A purely Keralite model of Poverty alleviation through women empowerment is getting copied by two other third world nations. Development models are usually copied on a rural – urban pattern or vice versa. Here, much rural a model is replicated by another rural mass, located continents away. How do you find it?
It is indeed a matter of pride that a Keralite model of poverty alleviation and women empowerment is now getting exported to two other nations. The ministerial team from Ethiopia and Free State Province of South Africa, on their initial visits, seemed very well impressed with our functional strategy. When I was asked to lead a team of Deedis (what Kudumbasree members call each other) to present our model in those countries, I was doubtful of an effective communication to happen there. But after intense training, when Indian women started explaining their working style to their Ethiopian counterparts, I was astonished at a unique rapport that evolved among them. That rapport disregarded national boundaries and linguistic barriers. All what filled the air was a warm welcome to our saga of association and advancement.
Central government’s Nirbhaya training programme for self defence has a similar counterpart successfully implemented by Kudumbasree. As the centre plans to allot another 1000 crores for the purpose, do you think the programme would reach its goal?
I wonder how effectively Kudumbasree could have taken the Nirbhaya programme for building self defence in women, to grassroots level with all our reach and resources. A massive fund held between the red tapes in the ministry of Home affairs, the programme still awaits the launch. We are still ready to conduct the programme if the ministry hands it over to us. We shall combine it with the self defence training we currently run, in association with the police department in Kerala, and copy the model in other states. Handing over a project to Kudumbasree simply means shooting your plan to a half of country’s families.
An ‘all-women TV channel’. Is the venture a scratch-start to a feministic electronic media culture in India?
Media Sree is looked forward as an alternate media culture, essentially breaking all the stereotypes the conventional media tools have propagated about women so far. As the executive director of Kudumbasree, I need not go way long to exemplify the subtle feminine eagerness to extend a hand of help to fellow beings. SHE is never that revenge queen or an idiotic slave as portrayed in TV serials.
Training rural women in all aspects of television production, I am sure of a much democratic and realistic multimedia output from our women. This frame will make people realise that media job is very well a layman’s cup of coffee. Yes, we do have a number of lady reporters and correspondents but what is their strength when it comes to the decisive roles? Media literacy is more about the scenes behind the screens.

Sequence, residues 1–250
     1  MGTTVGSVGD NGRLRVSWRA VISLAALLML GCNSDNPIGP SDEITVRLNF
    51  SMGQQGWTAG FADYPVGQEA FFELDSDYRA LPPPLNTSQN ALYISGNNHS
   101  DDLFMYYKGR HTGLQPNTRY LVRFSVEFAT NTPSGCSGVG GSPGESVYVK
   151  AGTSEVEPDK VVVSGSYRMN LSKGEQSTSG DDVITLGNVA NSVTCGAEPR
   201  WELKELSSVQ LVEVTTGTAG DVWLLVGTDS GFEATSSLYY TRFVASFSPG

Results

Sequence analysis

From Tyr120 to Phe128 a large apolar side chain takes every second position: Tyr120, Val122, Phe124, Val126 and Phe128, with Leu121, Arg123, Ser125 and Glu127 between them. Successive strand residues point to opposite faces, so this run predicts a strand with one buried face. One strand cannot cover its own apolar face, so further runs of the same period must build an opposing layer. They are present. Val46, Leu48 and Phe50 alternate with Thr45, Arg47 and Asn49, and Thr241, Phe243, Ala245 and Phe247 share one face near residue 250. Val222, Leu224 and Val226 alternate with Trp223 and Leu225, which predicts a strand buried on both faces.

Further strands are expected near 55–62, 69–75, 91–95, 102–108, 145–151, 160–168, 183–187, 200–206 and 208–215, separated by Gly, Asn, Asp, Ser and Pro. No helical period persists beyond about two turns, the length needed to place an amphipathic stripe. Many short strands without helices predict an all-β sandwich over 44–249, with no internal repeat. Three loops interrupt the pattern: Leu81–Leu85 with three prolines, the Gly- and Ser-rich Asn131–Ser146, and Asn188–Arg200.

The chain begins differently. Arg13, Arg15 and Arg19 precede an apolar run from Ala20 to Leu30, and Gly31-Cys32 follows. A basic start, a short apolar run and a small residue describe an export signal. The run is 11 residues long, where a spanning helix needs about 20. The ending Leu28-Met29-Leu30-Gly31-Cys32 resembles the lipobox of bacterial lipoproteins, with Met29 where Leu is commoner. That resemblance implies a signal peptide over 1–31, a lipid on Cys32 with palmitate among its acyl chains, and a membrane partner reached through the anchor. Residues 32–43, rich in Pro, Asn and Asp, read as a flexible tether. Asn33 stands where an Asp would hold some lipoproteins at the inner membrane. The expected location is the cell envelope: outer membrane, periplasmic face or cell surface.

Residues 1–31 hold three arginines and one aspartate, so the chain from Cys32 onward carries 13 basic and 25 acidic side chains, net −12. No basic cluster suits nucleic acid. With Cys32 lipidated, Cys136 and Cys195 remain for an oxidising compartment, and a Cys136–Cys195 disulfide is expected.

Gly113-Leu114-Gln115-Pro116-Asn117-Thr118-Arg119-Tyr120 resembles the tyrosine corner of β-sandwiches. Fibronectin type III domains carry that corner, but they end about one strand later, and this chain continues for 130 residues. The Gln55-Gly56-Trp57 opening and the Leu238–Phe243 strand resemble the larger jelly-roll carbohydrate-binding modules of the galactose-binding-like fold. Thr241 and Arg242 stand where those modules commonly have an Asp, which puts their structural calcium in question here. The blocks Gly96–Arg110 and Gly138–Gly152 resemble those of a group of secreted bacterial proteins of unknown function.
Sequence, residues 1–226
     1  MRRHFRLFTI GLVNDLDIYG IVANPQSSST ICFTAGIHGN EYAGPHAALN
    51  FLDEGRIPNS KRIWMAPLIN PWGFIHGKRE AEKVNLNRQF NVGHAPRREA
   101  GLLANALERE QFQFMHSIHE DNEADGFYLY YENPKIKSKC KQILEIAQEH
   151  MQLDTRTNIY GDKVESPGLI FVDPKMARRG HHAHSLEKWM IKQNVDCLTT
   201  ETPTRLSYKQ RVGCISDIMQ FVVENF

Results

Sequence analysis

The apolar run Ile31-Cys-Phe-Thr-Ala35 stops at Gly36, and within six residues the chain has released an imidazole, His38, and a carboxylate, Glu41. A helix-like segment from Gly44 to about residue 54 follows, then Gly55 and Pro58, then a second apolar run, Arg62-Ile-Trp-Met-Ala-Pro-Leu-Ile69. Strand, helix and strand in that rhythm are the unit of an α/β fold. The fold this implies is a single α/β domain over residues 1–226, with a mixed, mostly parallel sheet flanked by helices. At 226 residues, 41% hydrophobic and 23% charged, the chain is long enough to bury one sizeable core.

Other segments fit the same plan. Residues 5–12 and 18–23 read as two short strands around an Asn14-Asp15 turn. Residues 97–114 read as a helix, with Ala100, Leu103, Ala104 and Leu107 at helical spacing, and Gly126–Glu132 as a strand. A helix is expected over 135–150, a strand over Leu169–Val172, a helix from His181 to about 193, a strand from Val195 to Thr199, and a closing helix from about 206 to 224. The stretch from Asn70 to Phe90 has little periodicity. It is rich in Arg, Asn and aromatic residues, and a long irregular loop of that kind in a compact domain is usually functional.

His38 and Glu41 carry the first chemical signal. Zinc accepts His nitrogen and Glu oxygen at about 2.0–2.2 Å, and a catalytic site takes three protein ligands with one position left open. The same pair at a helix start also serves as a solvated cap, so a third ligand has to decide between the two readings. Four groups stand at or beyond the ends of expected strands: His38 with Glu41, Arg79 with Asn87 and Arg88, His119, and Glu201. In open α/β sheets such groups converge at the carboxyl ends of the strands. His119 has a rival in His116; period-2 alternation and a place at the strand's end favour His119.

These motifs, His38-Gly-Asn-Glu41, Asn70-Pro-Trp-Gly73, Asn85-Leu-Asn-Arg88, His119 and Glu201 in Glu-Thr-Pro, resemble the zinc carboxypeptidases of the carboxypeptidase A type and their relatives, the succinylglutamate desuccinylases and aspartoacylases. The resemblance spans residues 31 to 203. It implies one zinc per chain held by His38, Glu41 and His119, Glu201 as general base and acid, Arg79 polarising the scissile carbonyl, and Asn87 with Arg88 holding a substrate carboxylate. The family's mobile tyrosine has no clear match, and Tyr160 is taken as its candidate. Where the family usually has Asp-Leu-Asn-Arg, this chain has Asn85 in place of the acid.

My vision about this media venture is of overcoming the contorted and skewed representation of women in the contemporary media. Moreover, intensive training in videography can earn a bread winning job for them. We ourselves can stop outsourcing the recording of developmental activities we carry out. Self reliance is more about reach to resources. And this reach is impractical without media tools now.
Coming to the question of age, do you think rural grassroots are equipped to be a part of the emerging ‘digital India’? With the extent of your reach to rural India, how can Kudumbasree help to take technology to the verandas of rural housing?
Our rural grassroots haven’t yet reached the economic state to afford technology. Even though this is largely region specific, Kudumbasree is pretty eager to take up the digital ventures. Many neighbourhood groups have their own WhatsApp group, same is not the case with all parts of India. Exchange of ideas through Sthree Sakthi portal is much beyond regular social networking.
Apart from the social networking activities through Sthree sakthi portal, we are currently looking forward to design a mobile application to make the accounting procedures direct and virtual. Members have to run around to submit the minutes and accounts of each neighbourhood meeting currently. By introducing an App, they can upload the information directly from the venue. A ‘Kudumbasree App’ can digitalize the rural India.
How do you look forward to furnish your achievements before the rest of the world, where there is an increased demand of urban poverty alleviation and organized empowerment of weaker sections?
In a national seminar we organize on 20th and 21st of August at Kovalam, academicians from several schools will discuss the topic “Poverty alleviation, Women empowerment and Local governance”. It may seem so early to predict that ours will be the most economic and effective poverty alleviation model among the many being presented there. But I am kind of sure about that.
This international seminar is further, an opening up for Kudumbasree, where we exhibit our development strategy before the world. We are helping six other states in India with our unique model and strategy. Any addition is welcome, Kudumbasree is always here to build self reliance, stable living conditions and financial independance.